Lawmakers at a meeting of the legislature’s Transportation Committee in Taipei yesterday froze half of the budget for the freeway service charge to be given to the Far Eastern Electronic Toll Collection Co (FETC) if the Ministry of Transportation and Communications fails to settle the issues surrounding former toll collectors.
About two dozen former freeway toll collectors gathered outside the Legislative Yuan yesterday, demanding negotiations with Minister of Transportation and Communications Yeh Kuang-shih (葉匡時), while threatening to block Freeway No. 1 on Nov. 28 — the day before the nine-in-one elections — if the ministry does not provide a satisfactory solution.
The former toll collectors lost their jobs after the nation launched the distance-based electronic toll collection (ETC) system and removed all toll booths from freeways in January. More than 200 of them refused to accept the five-month severance package offered by the National Freeway Bureau.
The former toll collectors raised banners and shouted slogans outside the legislature, while the committee reviewed the budget for the National Freeway Construction & Management Fund inside.
Anticipating Yeh’s arrival at the meeting in the morning, the former toll collectors were shocked to learn that Yeh would not be showing up since he had applied for a vacation last week and that the committee would be discussing the budget without the minister attending.
“The government is unwilling to listen to our pleas or come forward to solve our problems, therefore forcing us to partake in more extreme forms of protest,” Freeway Toll Collector Self-Help Organization executive secretary Sun I-feng (孫藝鳳) said.
The organization threatened to re-enact protests conducted in June and October, in which former toll collectors blocked access to several lanes of Freeway No. 1.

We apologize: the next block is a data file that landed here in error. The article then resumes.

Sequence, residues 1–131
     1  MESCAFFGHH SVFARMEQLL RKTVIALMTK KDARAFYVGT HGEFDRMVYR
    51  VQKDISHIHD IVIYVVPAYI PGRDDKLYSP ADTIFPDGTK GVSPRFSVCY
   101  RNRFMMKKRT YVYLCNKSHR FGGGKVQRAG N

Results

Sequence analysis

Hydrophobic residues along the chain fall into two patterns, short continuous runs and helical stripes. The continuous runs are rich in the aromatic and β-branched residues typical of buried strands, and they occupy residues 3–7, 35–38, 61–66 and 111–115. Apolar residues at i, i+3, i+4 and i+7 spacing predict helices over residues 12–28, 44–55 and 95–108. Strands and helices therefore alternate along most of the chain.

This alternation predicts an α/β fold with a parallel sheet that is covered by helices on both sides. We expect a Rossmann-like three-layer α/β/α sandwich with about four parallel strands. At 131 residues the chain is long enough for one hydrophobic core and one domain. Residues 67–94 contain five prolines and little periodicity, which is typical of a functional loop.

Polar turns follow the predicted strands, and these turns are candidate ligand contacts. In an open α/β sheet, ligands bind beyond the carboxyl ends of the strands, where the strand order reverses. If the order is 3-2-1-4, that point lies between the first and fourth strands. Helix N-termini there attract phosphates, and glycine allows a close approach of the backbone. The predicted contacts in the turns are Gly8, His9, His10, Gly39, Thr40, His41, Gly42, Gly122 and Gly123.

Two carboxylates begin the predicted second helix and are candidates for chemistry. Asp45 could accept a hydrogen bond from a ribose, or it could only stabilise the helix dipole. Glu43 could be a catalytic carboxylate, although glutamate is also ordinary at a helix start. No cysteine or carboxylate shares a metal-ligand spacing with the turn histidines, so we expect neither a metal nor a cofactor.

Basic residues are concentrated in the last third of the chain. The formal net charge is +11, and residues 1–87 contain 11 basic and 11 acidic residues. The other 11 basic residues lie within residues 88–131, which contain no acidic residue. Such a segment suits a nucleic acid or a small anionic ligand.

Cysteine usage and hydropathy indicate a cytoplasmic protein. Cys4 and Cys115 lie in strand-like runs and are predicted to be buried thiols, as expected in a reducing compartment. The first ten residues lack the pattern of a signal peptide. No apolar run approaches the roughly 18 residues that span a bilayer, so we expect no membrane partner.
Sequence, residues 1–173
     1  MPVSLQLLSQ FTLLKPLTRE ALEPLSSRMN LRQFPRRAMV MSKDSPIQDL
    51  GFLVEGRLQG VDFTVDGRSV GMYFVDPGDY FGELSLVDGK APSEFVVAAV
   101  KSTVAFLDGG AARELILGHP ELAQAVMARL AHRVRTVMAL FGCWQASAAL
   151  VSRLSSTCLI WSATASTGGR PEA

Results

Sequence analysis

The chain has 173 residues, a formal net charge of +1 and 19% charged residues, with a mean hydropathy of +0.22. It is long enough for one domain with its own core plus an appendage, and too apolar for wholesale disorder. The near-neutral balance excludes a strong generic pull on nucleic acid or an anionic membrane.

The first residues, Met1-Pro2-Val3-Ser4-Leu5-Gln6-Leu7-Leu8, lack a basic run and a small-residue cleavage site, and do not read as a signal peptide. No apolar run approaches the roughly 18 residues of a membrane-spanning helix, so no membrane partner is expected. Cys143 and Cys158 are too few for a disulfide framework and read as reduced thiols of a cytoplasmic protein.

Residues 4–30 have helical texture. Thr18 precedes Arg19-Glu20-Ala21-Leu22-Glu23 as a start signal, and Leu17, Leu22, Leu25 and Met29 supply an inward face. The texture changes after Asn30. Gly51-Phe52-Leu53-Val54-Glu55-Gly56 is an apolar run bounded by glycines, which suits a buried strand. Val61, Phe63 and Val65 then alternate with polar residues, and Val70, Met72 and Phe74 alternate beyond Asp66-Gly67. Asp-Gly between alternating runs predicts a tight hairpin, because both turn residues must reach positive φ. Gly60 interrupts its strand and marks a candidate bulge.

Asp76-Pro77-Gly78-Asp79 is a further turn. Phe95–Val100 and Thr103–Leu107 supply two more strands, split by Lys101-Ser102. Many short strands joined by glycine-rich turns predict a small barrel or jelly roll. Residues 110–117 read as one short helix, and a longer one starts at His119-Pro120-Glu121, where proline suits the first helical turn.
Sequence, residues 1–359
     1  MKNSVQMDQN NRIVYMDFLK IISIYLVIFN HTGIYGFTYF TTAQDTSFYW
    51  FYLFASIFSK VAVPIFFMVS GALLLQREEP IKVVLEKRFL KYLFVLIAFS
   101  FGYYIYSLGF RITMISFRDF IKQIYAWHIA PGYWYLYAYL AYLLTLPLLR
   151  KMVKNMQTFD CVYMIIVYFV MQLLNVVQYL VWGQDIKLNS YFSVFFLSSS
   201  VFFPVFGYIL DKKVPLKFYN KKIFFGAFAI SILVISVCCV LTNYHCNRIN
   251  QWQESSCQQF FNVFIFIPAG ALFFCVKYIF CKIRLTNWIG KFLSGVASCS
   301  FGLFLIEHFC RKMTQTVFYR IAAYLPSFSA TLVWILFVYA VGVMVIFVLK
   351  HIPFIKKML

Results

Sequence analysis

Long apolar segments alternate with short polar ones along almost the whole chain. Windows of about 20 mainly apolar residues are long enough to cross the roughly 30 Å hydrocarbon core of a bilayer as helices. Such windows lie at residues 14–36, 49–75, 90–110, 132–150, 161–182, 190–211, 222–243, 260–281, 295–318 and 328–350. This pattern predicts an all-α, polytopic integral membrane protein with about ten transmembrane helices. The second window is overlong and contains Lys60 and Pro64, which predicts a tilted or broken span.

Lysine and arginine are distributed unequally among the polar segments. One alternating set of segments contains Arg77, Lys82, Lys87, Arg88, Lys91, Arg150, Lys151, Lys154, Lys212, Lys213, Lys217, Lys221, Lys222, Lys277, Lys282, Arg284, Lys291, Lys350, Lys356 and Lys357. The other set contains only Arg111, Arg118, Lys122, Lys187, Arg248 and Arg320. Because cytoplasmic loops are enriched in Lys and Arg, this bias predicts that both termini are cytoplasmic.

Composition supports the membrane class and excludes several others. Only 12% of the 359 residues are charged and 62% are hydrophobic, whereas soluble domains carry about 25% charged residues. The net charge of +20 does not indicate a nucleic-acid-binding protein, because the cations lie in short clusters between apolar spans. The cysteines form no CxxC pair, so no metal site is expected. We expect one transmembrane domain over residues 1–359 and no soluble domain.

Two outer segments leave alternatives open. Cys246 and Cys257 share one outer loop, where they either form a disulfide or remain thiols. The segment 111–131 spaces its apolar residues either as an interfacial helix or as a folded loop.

Meanwhile, inside the legislature, lawmakers allowed 10 of the self-help group members to sit in the conference room to listen to what the ministry officials had to say in response to the questions about the former toll collectors. The committee then passed a resolution to freeze half the budget for the freeway service charge as the ministry had failed to solve the problem of arranging jobs for the former toll collectors.
The bureau had budgeted about NT$1.7 billion (US$55.6 million) to be given to FETC as service charge for collecting the fees.
Democratic Progressive Party Legislator Tsai Chi-chang (蔡其昌), who proposed the resolution, said that 80 percent of the former toll collectors live in central and southern Taiwan, but only 35 percent of the jobs provided by the firm were in these regions, adding that many of the jobs offered by FETC were too far away from where former toll collectors live.
“FETC has clearly no ability to solve the problem, so the ministry and FETC should find another way to settle with the former toll collectors. The jobs should not be those proposed by FETC, although the contractor should ensure that toll collectors’ interests are protected,” Tsai said. “We are giving the National Freeway Bureau a knife so that they can negotiate with FETC. The bureau can only use the other half of the budget if they reach a settlement with the former toll collectors.”
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